I am working on macroeconomic model and I need to calibrate it. I am looking primarily for a statistically-founded estimate for the coefficient of relative risk aversion in the CRRA utility function based on macroeconomic US data (but also for the coefficient of absolute risk aversion for the case of a CARA utility function). Cannot seem to find it anywhere. Can anybody help?

  • $\begingroup$ Is there a particular reason why you want to use CARA and not CRRA utility? $\endgroup$ Dec 14, 2014 at 10:52
  • $\begingroup$ u(c)=(c^(1-σ))/(1-σ); I need an estimate for sigma $\endgroup$ Dec 14, 2014 at 11:50
  • $\begingroup$ sorry, I ment CRRA $\endgroup$ Dec 14, 2014 at 11:52
  • $\begingroup$ You just made my answer irrelevant. But since CRRA estimates are all over the place, maybe I will find something about it also. $\endgroup$ Dec 14, 2014 at 12:01

2 Answers 2


In Babcock, B. A., Choi, E. K., & Feinerman, E. (1993). Risk and probability premiums for CARA utility functions. Journal of Agricultural and Resource Economics, 17-24. (downloadable) we find the following table (the first column is the coefficient of absolute risk aversion)

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You can download the paper and trace the papers which it summarizes in the table.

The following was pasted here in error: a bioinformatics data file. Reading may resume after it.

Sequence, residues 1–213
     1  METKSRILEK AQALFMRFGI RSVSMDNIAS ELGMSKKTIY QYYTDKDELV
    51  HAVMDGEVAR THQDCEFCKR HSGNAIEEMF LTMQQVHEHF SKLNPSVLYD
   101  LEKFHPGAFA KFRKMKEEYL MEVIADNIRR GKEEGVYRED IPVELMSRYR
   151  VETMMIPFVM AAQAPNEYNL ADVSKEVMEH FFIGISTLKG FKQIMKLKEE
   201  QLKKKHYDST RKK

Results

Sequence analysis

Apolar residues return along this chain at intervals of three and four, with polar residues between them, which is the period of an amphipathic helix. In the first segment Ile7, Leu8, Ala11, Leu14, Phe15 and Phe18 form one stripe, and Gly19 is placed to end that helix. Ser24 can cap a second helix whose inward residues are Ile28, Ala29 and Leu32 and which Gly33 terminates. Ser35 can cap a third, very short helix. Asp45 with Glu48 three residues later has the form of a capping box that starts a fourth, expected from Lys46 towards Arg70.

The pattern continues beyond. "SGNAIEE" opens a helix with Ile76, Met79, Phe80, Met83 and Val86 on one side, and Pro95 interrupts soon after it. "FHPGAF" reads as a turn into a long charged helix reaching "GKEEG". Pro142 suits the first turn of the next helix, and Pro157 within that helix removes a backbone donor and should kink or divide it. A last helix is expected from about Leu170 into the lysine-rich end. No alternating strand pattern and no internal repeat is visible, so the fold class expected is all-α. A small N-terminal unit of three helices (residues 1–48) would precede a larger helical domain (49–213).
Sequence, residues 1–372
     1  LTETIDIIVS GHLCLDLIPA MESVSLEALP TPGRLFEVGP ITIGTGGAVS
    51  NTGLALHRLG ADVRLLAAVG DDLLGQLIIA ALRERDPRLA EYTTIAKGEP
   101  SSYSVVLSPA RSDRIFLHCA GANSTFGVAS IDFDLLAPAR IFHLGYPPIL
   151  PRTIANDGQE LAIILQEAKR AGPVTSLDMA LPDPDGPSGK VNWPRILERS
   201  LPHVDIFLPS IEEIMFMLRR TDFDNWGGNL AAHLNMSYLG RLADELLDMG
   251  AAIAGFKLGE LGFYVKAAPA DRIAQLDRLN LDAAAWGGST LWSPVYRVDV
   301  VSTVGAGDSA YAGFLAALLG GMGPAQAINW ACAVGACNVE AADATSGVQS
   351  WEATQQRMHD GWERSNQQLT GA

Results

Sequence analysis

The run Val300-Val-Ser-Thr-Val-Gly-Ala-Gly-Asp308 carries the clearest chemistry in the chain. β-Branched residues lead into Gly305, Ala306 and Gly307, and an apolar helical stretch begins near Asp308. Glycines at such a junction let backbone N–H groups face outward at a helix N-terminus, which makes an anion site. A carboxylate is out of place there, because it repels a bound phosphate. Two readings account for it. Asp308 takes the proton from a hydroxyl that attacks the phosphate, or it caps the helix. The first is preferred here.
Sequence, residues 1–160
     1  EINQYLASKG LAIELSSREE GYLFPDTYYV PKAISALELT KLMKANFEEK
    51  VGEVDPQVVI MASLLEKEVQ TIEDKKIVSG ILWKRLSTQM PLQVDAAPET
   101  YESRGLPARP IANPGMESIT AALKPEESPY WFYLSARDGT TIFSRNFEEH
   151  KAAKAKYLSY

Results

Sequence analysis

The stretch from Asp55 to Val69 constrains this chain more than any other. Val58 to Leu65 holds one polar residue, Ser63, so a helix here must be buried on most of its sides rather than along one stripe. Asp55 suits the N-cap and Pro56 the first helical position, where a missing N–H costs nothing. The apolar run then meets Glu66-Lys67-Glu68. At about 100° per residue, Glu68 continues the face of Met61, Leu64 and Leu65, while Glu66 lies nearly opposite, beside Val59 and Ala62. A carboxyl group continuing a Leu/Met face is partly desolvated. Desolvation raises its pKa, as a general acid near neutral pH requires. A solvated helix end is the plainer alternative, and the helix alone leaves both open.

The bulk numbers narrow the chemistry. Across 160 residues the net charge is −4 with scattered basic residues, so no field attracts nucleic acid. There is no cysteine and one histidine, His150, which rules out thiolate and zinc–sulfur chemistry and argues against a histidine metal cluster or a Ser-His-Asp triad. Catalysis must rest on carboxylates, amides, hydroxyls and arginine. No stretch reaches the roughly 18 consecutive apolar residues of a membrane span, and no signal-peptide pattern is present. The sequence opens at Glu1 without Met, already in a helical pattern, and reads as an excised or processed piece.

• $\begingroup$ This is micro data based on lottery picks, this is useful, but not exactly what I need, I need some estimates based on macro US data. $\endgroup$ Dec 14, 2014 at 11:47

There are many estimates in the literature. For example, Havranek (2013) does a meta-analysis of avalible results and argues for a value of intertemporal elasticity (inverse of sigma in your notation) around 0.3-0.4. But it might also depend on what your goal is - the single parameter in CRRA utility controls both risk aversion and intertemporal smoothing motive, so a calibration for asset-pricing model might need to differ from let's say a deterministic growth model.

  • $\begingroup$ that Havranek paper is great. Lots of upward publication bias in the empirical EIS literature - which makes the contrast between the low estimates there and the high ones that Epstein-Zin finance guys need even more striking. $\endgroup$ Dec 16, 2014 at 1:05

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